Major Overall Findings
Fair and impartial jurors are the cornerstones of the American judicial system. With this in mind, we asked our respondents, 'If you were a juror, do you think you would favor the plaintiff or defendant at the start of trial?' In theory, one would expect most respondents to favor neither party. Anyone who has witnessed a typical jury selection process can attest to the abundance of jurors who, when questioned, proclaim their impartiality and insist that 'setting aside' their attitudes will be of little difficulty. However, the survey showed that only 38.7 percent of Oregonians are truly impartial and favor neither party at the outset of trial. The remaining respondents were evenly divided between favoring the plaintiff or the defense.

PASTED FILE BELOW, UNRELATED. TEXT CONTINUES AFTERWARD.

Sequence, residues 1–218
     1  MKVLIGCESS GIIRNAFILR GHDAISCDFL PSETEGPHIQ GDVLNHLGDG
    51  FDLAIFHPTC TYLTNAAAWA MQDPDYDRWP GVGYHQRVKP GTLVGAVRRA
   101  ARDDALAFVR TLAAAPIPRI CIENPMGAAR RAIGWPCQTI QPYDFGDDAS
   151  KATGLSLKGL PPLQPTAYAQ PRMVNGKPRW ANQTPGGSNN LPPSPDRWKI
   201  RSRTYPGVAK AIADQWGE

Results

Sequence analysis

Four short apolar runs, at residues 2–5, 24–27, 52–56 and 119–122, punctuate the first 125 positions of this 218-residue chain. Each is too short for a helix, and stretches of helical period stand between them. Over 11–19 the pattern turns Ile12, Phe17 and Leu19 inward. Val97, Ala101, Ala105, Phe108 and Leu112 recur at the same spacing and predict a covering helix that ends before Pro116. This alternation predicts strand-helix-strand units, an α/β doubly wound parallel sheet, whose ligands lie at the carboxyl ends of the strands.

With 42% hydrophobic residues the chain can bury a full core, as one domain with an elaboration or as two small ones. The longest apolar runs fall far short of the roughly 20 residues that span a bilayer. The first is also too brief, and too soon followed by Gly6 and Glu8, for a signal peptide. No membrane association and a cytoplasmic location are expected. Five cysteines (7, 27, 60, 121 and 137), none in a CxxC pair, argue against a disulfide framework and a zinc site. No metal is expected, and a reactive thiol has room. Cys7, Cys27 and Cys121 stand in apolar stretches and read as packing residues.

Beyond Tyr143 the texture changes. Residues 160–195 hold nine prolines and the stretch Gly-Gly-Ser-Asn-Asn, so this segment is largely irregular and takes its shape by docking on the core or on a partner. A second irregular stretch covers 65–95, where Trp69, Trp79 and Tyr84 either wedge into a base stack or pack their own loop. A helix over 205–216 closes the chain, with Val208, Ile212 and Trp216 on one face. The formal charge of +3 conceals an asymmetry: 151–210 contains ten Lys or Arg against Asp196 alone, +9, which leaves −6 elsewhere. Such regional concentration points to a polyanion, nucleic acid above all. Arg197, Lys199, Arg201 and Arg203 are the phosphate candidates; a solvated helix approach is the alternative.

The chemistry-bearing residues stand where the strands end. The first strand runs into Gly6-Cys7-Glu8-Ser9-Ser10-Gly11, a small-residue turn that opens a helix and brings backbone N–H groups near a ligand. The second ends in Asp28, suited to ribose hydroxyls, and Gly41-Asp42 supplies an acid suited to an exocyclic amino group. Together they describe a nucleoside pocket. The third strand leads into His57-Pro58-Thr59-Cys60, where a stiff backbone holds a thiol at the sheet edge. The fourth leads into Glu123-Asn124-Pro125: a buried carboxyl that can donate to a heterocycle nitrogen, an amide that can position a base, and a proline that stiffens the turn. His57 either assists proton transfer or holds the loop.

This might lead one to ask why almost two-thirds of jurors reports being inherently biased in a survey, but virtually all jurors in court are certain of their impartiality. The answer is due to what social scientists refer to as 'social desirability' effects. Research has shown that in a public setting, especially in the presence of authority figures (such as a judge), people are motivated to present themselves in the most favorable light. Potential jurors know what is expected of a 'good juror,' and most strive to embody these expectations when called upon to do their civic duty. The more private and anonymous nature of the survey produces more candid responses than the stressful and public nature of the courtroom. This is also why supplemental juror questionnaires are such effective tools in jury selection.
The above question was also asked in relation to specific types of litigation.